Academic journal article Canadian Journal of Behavioural Science

How Do Underlying "Self" and "Other" Dimensions Define Adult Attachment Styles?

Academic journal article Canadian Journal of Behavioural Science

How Do Underlying "Self" and "Other" Dimensions Define Adult Attachment Styles?

Article excerpt


Assumptions about dimensions underlying the four prototype model of adult attachment were explored in two studies. In the first (N = 225), associations between attachment prototype ratings and standardized measures of self and others in relationships were examined. In a second study (N = 246), measures of anxiety and avoidance were added to the analyses. Findings from correlational and hierarchical regression analyses provided support for the notion, contrary to assumptions of the model, that qualitatively different self and other dimensions underlie different attachment styles. Results are discussed in terms of the lack of equivalency in measures of "self and "other" proposed to underly each of the four attachment style ratings, the need to view attachment styles as complementary rather than mutually exclusive, and the need to continue exploration of the dimensions informing attachment.


Les hypothèses relatives aux dimensions qui sous-tendent le modèle à quatre prototypes de styles d'attachement chez l'adulte a fait l'objet de deux études. Dans une première étude (N = 225) les associations entre les évaluations des styles d'attachement et les mesures standardisées des représentations de soi et des autres ont été examinées. Dans une seconde étude, des mesures d'anxiété et d'évitement ont été ajoutées aux analyses. Les résultats des analyses de corrélation et des analyses de régression hiérarchique appuient la conclusion, contraire aux hypothèses postulées par le modèle, que des dimensions qualitativement différentes de la représentation de soi et de l'autre sous-tendent différents styles d'attachement. Les résultats sont discutés en termes de défaut d'équivalence des mesures de soi et de l'autre proposées pour évaluer les quatre styles d'attachement. La discussion insiste également sur la nécessité de poursuivre l'exploration des dimensions qui fondent l'attachement, en considérant les styles d'attachement comme complémentaires plutôt que mutuellement exclusifs.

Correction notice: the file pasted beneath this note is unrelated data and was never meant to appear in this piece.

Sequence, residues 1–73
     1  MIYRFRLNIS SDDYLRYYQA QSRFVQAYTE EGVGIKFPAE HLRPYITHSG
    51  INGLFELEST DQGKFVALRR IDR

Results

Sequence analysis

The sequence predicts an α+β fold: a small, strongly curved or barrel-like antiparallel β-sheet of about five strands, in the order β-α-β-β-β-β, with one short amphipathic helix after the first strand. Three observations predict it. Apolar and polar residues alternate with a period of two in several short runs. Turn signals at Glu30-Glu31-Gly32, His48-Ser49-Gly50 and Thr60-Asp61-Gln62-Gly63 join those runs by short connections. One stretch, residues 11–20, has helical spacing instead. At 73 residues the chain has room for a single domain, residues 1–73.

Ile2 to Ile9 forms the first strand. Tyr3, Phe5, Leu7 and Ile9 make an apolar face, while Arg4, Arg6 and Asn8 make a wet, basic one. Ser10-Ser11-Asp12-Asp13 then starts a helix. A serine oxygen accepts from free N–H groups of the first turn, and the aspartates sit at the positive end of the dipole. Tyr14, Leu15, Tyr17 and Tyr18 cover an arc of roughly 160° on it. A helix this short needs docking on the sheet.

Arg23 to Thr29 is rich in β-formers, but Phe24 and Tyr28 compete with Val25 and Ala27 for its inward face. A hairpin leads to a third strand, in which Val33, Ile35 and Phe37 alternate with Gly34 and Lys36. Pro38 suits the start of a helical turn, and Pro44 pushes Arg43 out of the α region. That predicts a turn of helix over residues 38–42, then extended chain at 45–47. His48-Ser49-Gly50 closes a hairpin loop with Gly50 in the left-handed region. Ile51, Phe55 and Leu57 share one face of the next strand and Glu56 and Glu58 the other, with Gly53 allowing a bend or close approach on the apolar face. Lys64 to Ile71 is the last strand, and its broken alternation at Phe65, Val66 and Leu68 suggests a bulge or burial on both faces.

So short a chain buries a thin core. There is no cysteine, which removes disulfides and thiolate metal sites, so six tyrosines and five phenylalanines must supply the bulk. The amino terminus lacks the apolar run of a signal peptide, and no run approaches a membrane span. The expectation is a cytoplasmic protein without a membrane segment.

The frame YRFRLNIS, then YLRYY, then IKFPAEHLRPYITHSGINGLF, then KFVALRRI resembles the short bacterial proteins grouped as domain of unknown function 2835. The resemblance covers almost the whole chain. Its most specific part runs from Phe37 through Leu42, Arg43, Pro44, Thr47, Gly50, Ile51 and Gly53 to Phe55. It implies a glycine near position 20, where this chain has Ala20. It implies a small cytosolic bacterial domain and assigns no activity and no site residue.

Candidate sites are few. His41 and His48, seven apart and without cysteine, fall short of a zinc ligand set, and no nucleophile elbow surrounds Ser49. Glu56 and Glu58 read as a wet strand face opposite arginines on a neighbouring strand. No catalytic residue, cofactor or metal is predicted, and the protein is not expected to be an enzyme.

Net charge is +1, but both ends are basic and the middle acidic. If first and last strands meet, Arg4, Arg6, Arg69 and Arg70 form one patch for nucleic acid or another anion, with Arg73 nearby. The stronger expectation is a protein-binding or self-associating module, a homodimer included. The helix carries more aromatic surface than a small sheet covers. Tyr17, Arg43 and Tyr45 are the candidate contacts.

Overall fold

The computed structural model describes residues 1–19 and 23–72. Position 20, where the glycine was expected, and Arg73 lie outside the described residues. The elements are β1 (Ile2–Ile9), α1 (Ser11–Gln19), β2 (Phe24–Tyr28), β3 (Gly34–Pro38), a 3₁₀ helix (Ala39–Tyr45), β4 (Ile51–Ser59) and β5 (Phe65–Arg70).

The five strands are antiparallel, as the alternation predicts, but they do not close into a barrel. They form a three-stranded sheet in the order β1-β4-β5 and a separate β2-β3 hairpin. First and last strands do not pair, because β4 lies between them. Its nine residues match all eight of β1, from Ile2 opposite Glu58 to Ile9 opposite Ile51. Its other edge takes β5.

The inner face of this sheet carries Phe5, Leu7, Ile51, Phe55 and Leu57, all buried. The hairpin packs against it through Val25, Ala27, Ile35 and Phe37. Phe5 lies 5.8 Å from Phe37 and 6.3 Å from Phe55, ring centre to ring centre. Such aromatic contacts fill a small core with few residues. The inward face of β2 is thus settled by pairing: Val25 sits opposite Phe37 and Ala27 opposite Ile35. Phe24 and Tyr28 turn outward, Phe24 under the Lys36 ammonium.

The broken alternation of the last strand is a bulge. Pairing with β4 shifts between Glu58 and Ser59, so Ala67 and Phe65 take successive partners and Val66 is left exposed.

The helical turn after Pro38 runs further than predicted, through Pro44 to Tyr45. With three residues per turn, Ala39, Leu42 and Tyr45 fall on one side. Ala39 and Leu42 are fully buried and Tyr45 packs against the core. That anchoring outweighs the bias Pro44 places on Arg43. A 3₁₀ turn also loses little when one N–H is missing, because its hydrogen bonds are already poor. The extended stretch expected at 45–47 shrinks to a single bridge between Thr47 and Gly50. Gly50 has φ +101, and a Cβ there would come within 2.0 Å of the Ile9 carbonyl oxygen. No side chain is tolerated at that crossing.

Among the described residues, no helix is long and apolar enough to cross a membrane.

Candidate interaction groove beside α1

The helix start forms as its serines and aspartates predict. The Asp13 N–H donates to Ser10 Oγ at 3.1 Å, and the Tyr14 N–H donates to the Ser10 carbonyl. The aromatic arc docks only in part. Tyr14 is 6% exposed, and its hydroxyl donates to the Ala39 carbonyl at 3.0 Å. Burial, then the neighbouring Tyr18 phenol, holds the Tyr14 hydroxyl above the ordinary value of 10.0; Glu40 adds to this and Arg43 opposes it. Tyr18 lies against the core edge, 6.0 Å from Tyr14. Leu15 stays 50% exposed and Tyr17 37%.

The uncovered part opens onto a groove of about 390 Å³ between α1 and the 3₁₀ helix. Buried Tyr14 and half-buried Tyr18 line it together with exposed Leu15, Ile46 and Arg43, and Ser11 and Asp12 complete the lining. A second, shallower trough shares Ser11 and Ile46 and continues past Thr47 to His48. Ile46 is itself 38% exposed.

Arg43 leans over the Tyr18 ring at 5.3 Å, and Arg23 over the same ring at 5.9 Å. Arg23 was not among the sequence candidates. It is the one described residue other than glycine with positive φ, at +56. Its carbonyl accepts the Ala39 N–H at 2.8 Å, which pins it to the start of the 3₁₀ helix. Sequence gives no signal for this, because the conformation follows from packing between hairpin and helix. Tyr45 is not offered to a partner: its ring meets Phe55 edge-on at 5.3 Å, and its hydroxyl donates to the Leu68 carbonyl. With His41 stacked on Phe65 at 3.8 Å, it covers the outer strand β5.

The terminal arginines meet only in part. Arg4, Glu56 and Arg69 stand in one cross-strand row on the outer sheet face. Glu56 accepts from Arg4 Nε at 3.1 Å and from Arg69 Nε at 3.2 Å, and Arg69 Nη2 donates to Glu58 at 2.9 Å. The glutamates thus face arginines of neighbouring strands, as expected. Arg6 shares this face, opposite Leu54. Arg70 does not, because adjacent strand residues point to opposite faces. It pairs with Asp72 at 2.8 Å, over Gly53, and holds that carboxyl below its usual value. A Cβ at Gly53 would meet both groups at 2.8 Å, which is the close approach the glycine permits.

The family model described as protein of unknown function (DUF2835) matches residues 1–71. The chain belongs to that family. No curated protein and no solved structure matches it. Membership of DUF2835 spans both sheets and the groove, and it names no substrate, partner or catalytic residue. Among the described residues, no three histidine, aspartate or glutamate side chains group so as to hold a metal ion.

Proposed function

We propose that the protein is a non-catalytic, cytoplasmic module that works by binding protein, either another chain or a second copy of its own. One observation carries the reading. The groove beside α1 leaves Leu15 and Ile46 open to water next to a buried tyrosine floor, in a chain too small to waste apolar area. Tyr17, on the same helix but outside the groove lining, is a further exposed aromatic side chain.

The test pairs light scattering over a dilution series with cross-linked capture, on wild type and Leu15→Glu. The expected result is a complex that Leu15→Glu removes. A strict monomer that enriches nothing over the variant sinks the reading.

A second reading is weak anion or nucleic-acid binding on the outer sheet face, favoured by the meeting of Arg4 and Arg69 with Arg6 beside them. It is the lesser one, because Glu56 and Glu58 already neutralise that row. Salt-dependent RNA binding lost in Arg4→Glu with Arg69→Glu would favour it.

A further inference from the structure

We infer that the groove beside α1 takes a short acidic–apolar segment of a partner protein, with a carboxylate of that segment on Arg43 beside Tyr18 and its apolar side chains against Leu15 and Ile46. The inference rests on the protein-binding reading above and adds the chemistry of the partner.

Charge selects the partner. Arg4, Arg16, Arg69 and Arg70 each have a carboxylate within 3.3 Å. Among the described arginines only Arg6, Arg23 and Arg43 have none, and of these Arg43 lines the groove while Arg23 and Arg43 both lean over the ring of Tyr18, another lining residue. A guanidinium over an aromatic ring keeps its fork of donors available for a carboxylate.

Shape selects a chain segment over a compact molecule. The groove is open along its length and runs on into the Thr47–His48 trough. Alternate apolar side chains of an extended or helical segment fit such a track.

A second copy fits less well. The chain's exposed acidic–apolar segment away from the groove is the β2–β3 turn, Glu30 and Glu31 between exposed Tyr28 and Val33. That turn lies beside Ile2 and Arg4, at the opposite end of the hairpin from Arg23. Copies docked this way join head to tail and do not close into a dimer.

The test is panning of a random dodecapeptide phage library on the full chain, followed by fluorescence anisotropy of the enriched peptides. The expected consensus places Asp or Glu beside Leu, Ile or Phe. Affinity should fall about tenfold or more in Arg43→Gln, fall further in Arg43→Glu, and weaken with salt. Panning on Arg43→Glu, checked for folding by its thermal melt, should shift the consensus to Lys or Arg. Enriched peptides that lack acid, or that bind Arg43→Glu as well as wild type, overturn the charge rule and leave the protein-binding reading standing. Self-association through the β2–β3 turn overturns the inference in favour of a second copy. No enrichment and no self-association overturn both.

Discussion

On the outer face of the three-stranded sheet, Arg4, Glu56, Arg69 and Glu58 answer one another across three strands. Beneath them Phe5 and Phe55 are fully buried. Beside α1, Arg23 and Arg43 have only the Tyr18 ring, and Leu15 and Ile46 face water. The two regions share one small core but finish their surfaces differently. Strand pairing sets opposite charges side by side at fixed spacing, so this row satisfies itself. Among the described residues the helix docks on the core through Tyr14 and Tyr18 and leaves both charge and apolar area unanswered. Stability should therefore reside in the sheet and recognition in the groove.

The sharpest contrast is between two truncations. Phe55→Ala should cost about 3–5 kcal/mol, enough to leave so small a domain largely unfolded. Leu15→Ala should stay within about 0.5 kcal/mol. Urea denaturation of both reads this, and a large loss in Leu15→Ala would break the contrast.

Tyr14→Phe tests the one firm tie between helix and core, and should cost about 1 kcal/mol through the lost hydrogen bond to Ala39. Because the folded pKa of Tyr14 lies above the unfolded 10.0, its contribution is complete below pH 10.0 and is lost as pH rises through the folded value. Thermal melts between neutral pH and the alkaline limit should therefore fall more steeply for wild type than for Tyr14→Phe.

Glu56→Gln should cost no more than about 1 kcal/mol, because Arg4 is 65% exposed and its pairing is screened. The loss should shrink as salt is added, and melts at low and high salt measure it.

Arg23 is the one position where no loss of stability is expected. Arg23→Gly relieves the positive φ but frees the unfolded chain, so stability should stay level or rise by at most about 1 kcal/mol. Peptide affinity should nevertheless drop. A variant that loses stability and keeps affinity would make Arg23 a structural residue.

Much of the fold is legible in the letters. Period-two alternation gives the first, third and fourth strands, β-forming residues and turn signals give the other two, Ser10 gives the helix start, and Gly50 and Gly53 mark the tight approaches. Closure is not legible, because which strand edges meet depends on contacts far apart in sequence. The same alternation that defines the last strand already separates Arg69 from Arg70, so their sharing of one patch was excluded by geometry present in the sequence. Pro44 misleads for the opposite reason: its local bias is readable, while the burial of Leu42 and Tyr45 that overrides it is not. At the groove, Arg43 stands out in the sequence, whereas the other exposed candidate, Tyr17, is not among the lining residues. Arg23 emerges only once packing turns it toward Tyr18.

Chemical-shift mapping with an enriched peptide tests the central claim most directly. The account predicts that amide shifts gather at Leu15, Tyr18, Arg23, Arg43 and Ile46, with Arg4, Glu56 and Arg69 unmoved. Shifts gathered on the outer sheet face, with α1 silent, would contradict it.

Researchers interested in measuring adult attachment have drawn extensively on the theoretical work of John Bowlby (1969, 1973, 1980), on the infant attachment prototypes established by Mary Ainsworth and her colleagues (Ainsworth, Blehar, Waters, & Wall, 1978), and on a handful of related prototypical measures developed by several groups of attachment researchers (notably, Bartholomew & Horowitz, 1991; George, Solomon, & Main, 1985; Hazan & Shaver, 1987; Main, 1985). Different measures have been used in the past to assess general attachment styles as well as styles within specific relationship contexts, including, for example, relationships between parents with children, adults with God, and clients with therapists (e.g., Armsdon & Greenberg, 1987; Cicirelli, 1995; Collins & Read, 1990; West & Sheldon-Keller, 1994). In 1998, Fraley and Waller reported that 73% of attachment articles published in three major journals used prototypical rather than dimensional measures to assess adult attachment. A similar review conducted by the authors of this paper revealed that an overwhelming majority of articles (88%) now report either using continuous measures explicitly designed for the purpose of assessing underlying attachment dimensions or dimensional measures adapted from available categorical protocols. This paper focuses on our concerns about current trends in the measurement literature suggesting that a limited set of dimensions underlie prototypical attachment styles. Before addressing these issues, we thought it important to provide a brief historical overview of the contemporary measurement literature related to the assessment of adult attachment styles.

An earlier trend in the literature saw the frequent use of Hazan and Shaver's (1987) categorical measure designed to assess three different attachment styles in the context of romantic relationships. These paralleled the infant styles isolated earlier by Ainsworth and her colleagues (1978). …

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